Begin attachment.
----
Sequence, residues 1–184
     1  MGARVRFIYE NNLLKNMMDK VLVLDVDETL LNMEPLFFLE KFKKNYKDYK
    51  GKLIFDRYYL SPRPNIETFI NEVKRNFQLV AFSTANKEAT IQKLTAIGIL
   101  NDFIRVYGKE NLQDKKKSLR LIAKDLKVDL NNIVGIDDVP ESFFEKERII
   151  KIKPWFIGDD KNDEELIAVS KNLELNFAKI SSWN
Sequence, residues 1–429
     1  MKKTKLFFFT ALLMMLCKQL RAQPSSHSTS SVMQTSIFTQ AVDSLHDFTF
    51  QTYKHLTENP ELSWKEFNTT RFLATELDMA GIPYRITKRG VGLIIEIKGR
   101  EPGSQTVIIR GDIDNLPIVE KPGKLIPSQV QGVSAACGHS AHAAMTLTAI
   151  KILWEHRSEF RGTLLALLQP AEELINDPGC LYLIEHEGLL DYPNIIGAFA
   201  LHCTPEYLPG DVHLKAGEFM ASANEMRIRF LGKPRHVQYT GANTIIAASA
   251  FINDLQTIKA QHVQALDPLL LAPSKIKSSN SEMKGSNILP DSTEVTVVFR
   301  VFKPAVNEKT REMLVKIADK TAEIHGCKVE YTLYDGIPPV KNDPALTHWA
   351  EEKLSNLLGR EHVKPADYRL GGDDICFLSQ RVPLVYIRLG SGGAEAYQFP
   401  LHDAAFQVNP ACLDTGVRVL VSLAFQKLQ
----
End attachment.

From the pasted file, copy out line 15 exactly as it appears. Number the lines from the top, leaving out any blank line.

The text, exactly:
   401  LHDAAFQVNP ACLDTGVRVL VSLAFQKLQ